There has been much talk regarding the transparency of the non-binding referendum held on Nov. 6 of this year in Puerto Rico. Most recently, the singer and actor Ricky Martin suggested the last referendum election doesn’t reflect public sentiment. This statement comes as no surprise considering 54 percent of the population voted against Partido Nuevo Progresista (PNP) leader Luis Fortuño, a statehood supporter.
According to Puerto Rico Secretary of State Kenneth McClintock, the economic downturn in the island and a shrinking population is to be blamed for the residents support for statehood. Nevertheless, it seems as though the presence of drug cartels and overwhelming wave of violence are contributing to the support for statehood. This support comes at a time when Puerto Ricans are questioning the island’s border relationship with the United States.
As a commonwealth, Boricuas are to share a common defense, market, and currency with the United States. But when the island receives a disproportionately low share of federal agents and money, even as its murder rate has climbed to six times the national average, in favor of a heavy focus on the Mexican border and southern Florida, the island’s security (or lack thereof) is suspect. Today, it’s impossible to open a local newspaper or turn on the radio without news about the sheer volume of crime in the country. Puerto Ricans are rightfully outraged, and it’s become increasingly voiced among the community how statehood will represent a ceasefire.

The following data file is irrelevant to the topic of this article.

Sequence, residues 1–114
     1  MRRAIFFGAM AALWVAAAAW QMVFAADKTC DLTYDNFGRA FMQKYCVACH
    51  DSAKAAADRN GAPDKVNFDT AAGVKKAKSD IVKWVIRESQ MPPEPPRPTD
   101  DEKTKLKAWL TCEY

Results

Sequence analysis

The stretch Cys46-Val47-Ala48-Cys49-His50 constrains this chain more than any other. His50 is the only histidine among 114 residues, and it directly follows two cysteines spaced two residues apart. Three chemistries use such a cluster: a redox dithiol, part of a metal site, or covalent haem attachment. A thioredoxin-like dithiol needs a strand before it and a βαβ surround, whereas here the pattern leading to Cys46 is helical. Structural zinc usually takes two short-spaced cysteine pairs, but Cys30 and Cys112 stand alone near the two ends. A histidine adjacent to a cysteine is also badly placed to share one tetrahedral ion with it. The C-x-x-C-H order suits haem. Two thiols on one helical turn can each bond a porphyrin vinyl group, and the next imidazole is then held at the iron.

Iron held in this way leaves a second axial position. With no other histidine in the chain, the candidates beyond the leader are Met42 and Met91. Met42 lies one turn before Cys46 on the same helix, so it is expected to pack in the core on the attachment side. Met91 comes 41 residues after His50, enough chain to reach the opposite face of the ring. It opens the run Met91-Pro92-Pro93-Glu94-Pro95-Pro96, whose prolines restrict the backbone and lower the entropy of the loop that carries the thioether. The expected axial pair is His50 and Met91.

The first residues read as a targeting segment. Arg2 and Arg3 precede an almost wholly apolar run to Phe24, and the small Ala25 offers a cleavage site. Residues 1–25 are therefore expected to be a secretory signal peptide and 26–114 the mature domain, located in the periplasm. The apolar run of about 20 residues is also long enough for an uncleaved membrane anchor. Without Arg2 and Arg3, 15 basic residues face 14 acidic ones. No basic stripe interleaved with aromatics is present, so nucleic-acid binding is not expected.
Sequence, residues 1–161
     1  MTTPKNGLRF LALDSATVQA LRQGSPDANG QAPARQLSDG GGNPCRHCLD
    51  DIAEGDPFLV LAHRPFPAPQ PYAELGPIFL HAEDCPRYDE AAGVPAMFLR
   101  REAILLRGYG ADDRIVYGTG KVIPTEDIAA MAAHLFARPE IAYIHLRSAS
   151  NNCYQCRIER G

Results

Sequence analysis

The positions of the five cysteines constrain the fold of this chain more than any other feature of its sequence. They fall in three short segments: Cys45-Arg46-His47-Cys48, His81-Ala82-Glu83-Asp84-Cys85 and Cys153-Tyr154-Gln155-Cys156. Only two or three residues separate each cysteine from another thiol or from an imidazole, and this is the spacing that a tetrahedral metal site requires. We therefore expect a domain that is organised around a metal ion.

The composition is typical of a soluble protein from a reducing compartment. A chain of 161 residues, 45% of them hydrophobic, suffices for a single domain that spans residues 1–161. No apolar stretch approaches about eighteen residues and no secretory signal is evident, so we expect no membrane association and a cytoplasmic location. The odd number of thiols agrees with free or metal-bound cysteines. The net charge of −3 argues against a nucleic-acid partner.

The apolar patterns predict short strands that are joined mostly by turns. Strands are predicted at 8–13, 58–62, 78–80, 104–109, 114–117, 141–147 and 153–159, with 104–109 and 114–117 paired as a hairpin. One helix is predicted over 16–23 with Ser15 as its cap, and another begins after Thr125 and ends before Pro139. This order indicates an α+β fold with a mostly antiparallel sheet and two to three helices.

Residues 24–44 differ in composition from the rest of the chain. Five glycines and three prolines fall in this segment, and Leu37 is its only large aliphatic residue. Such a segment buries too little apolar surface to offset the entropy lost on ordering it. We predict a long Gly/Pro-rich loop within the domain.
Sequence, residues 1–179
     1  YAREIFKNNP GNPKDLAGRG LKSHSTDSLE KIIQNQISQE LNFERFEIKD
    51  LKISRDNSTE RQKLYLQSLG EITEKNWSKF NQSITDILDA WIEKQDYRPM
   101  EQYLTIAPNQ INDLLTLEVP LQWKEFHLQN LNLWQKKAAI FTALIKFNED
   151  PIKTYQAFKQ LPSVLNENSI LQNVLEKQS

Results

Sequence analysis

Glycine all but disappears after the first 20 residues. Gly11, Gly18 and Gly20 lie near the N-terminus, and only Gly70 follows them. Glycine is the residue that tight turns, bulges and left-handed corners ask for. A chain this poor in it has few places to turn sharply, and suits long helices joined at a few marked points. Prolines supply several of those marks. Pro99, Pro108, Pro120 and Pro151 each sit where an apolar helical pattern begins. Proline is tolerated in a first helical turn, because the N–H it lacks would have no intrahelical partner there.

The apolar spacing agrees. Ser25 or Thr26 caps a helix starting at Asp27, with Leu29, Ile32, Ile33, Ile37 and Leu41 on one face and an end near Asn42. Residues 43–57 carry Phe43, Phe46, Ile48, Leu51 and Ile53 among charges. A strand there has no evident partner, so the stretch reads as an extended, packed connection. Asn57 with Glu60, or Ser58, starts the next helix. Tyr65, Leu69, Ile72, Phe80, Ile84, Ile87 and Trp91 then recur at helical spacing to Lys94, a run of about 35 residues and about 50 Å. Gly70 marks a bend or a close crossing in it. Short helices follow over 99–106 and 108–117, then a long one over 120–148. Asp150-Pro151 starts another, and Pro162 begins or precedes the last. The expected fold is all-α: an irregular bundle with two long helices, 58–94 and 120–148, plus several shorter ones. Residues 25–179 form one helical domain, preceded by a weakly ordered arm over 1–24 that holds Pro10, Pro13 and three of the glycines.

Skeptics on the other side of the political spectrum highly doubt that becoming the 51st state will change anything in the island, mainly because drugs coming out from Colombia and Venezuela are entering Puerto Rico as a stop en route to states like Florida and New York. In a letter to the House Homeland Security subcommittee on Oversight, Investigations and Management, Fortuño wrote, “When American lives are in danger, we have a moral obligation to protect them wherever they may be. I know you share my belief. And I need your commitment to act on this principle.”
Will statehood end the drug war in Puerto Rico? How can statehood benefit the Island on other matters? While these problems may appear to be local in nature, the truth is we are witnessing major economic and violence issues across the globe. Therefore, why would a change in status make things better? Should Puerto Ricans compromise their flag, their anthem, their individuality for some imagined sense of inclusivity? Is it even the right time? Follow me next week as I explore the process and implication of statehood for Puerto Rico.
By Leslie Pesante, contributor